Apple chief executive Tim Cook told the WWDC (World Wide Developer Conference) that iOS 10 would use DP to collect more relevant data about its users – like knowing how many are using certain emojis, or where people travel.
As stated in its iOS 10 developer preview guide, DP will initially be used in the new Messaging App to recommend appropriate emojis (if you use the word love for instance and other users have inserted a heart symbol it may pop up) and to improve predictive text – again based on other users' experience.
It will also use it in search – Spotlight and Lookup Hints. It will improve context sensitivity and recommend apps, music, restaurants, or whatever based on what you are doing.
It all sounds innocuous enough, especially as it supposedly masks privately identifiable information (PII) — it is based on the "common" good — and delivers what people like you want in information and offers. In that respect it's better than Gmail’s outright scanning of your email or documents, Google feeding you advertising based on searches, and Facebook’s database of private message URLs, all of which use PII.
Craig Federighi, Apple’s SVP of software engineering, said at WWDC that the technology works by adding "incorrect information" to the data Apple collects. Apple’s algorithms extract useful insights while making it very difficult for anyone to link data back to an individual user.
Apple says it is being used to gain an added insight into user behaviour – to identify patterns of how groups of similar users use the device, apps, and more. It will assign what it calls a "privacy budget" – a limit on the number of fragment submissions that can be made by a single person during a set period. Those that do get submitted go into an anonymous pipeline, and Apple will periodically delete fragment donations from the server.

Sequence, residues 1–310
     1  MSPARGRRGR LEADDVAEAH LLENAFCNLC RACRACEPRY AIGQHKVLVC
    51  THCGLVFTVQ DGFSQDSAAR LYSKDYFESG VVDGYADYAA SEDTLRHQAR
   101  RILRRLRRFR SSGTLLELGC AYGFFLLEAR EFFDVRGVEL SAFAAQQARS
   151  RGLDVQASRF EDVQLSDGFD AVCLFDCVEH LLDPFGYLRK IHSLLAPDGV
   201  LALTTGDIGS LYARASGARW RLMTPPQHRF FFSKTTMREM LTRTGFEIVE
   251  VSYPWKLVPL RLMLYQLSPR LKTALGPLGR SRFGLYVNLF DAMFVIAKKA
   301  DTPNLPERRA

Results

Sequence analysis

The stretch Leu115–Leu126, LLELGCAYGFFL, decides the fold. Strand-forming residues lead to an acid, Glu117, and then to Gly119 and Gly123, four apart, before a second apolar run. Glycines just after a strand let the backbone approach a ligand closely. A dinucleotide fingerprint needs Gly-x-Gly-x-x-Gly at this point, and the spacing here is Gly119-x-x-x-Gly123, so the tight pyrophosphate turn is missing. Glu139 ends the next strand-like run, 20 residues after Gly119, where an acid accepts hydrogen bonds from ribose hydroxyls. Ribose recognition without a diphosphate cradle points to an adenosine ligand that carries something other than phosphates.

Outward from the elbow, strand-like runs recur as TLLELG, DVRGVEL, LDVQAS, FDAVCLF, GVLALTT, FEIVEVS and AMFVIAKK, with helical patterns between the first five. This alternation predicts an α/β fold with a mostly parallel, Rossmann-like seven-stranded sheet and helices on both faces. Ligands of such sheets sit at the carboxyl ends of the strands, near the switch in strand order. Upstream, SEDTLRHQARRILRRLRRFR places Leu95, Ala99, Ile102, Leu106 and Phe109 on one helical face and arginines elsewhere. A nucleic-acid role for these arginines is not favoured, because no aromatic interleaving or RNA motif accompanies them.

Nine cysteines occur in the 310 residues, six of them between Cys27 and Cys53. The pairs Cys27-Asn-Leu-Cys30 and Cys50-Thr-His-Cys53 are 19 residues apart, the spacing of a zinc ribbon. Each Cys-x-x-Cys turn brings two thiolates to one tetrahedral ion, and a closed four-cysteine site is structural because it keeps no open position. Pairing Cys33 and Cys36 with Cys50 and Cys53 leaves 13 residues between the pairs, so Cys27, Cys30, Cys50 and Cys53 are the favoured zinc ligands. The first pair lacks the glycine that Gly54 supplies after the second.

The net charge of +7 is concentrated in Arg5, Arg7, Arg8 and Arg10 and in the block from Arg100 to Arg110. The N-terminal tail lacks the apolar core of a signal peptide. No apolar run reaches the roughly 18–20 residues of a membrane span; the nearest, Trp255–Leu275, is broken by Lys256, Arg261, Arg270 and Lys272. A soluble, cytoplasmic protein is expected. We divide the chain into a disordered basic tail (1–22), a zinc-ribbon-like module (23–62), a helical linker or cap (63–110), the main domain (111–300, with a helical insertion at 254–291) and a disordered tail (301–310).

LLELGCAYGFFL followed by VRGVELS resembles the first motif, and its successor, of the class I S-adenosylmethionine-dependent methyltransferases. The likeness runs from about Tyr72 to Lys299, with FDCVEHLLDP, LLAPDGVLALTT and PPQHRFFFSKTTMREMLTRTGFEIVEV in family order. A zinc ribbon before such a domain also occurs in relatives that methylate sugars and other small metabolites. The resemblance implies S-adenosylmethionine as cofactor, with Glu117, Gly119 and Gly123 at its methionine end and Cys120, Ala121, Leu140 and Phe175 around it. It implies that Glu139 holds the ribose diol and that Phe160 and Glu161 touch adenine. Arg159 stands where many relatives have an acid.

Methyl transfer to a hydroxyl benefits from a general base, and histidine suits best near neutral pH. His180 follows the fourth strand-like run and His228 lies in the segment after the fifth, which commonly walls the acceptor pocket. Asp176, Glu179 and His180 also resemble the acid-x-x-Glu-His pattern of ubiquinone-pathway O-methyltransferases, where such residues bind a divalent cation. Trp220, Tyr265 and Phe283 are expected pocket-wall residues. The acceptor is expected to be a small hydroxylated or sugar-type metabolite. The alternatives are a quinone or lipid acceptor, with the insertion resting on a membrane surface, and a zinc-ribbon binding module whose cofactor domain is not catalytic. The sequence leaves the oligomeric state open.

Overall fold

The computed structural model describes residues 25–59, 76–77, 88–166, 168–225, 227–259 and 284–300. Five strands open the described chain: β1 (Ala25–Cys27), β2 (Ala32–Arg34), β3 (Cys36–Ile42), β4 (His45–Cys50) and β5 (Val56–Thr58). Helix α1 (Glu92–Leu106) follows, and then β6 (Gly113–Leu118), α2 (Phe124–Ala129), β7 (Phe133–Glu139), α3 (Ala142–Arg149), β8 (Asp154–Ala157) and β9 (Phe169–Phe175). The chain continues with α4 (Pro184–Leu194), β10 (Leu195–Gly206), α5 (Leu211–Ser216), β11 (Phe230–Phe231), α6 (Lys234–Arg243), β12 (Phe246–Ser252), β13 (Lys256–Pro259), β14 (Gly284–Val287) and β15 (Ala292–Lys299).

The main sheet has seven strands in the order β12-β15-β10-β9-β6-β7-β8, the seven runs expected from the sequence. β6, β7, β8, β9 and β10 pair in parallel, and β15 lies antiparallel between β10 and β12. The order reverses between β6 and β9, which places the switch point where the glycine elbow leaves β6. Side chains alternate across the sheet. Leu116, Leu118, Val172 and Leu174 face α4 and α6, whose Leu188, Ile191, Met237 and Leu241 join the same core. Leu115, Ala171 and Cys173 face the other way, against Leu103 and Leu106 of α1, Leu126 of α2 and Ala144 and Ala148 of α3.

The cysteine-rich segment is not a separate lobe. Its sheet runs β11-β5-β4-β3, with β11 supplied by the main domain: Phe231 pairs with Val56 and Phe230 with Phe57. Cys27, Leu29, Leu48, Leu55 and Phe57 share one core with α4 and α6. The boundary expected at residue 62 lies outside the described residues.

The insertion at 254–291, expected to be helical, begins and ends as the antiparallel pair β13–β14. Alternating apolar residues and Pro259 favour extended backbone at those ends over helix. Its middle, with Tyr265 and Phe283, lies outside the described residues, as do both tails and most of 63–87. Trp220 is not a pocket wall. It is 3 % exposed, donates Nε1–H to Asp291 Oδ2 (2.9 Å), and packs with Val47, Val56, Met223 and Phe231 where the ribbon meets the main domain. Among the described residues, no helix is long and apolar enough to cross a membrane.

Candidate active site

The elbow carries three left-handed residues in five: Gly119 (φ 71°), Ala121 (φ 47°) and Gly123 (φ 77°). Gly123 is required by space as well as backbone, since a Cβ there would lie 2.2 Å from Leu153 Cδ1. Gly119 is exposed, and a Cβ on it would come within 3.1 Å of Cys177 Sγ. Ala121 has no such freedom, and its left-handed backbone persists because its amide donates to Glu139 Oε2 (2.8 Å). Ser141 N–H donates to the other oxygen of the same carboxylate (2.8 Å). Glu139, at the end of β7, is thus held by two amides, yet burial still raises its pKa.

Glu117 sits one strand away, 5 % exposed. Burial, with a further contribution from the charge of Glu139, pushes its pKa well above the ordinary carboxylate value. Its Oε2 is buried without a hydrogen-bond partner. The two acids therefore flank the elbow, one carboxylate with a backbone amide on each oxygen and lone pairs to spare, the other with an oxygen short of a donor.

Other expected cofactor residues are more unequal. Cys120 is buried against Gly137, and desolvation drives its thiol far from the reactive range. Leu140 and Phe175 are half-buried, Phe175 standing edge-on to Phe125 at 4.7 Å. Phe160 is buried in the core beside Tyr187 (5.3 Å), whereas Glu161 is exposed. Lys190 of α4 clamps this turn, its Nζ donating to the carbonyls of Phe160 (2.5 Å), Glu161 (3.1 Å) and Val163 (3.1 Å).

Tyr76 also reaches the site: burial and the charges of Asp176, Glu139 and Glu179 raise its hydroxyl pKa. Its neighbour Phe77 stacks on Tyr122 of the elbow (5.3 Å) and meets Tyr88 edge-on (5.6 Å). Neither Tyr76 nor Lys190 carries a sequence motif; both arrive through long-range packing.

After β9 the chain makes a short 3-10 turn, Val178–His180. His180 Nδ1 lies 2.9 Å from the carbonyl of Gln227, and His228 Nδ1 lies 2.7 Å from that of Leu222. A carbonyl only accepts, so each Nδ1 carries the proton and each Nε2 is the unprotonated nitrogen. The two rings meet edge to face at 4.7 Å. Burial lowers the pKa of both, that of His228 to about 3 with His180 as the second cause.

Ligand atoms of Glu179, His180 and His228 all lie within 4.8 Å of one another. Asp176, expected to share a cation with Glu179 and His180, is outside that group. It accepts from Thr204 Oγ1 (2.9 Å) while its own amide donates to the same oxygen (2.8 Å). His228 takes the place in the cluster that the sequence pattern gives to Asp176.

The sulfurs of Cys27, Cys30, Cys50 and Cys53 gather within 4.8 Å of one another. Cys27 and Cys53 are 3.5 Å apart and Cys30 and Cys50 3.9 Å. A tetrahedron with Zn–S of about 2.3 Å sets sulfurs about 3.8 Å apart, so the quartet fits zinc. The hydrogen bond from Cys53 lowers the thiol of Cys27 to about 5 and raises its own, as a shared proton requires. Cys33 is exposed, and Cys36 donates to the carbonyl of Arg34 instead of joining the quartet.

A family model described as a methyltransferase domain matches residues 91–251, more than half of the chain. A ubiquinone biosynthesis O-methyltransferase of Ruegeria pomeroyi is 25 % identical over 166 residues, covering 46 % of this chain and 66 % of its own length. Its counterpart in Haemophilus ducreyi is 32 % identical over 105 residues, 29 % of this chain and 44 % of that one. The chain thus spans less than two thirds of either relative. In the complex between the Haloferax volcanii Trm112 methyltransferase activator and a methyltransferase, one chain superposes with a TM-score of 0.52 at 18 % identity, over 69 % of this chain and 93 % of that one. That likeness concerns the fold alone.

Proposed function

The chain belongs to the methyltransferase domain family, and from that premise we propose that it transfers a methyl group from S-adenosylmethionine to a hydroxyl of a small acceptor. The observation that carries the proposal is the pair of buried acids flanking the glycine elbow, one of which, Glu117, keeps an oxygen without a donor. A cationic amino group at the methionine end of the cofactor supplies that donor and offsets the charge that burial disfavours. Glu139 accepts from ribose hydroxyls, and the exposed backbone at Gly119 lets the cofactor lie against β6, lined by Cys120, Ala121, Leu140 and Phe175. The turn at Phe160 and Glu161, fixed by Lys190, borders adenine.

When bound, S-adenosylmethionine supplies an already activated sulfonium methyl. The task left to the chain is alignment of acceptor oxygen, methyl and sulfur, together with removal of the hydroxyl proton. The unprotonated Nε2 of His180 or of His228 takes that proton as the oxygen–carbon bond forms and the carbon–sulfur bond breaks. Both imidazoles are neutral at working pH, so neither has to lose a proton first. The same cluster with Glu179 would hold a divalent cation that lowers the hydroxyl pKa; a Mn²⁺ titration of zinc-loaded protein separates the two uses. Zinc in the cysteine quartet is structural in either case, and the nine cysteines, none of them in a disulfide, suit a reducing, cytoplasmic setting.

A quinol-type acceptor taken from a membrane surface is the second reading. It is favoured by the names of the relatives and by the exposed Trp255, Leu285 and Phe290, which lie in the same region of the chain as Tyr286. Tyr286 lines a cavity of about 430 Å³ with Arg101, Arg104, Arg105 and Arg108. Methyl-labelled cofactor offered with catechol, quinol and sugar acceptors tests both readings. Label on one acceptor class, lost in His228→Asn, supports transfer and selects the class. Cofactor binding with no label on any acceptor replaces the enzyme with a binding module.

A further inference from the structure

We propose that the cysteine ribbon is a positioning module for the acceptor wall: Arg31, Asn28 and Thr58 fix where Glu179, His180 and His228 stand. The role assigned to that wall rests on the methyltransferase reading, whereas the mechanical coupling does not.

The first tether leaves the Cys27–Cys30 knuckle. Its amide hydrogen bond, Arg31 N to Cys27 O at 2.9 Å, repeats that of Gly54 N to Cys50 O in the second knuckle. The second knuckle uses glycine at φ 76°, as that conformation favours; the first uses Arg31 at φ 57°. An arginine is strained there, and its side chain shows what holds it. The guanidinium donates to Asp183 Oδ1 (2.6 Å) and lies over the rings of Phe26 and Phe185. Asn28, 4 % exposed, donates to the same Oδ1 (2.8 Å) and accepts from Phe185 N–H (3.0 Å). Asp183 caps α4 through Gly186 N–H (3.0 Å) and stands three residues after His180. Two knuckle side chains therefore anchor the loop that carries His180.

The security community is sceptical at best.
The most quoted reference is Schneier on Security who says this anonymisation is much harder than people think and it is likely that this technique will be full of vulnerabilities.
Another forum says, “The more information you intend to ‘ask’ of your database, the more noise that has to be injected to minimise the privacy leakage. In DP there is a fundamental trade-off between accuracy and privacy, which can be a big problem when training complex machine leading models. Once data has been leaked, it's gone. Once you've leaked as much data as your calculations tell you is safe, you can't keep going – at least not without risking your users' privacy. At this point, the best solution may be to just to destroy the database and start over. If such a thing is possible."
Another says Cook must pay marketing executives pretty well for them to conjure up such an artful deception: "Yes we're spying on you (but, trust me, we're not) because the money is so good. Oh, and would you like to donate some blood to Apple while you're at it?"
Another says that while DP is effective in individual databases once its lumped together over time it is inevitable that PII will be exposed.
Whatever the case it will be interesting if Apple ever releases the inner workings of DP to public scrutiny. For now, it is just more data being collected for Apple's unknown purposes.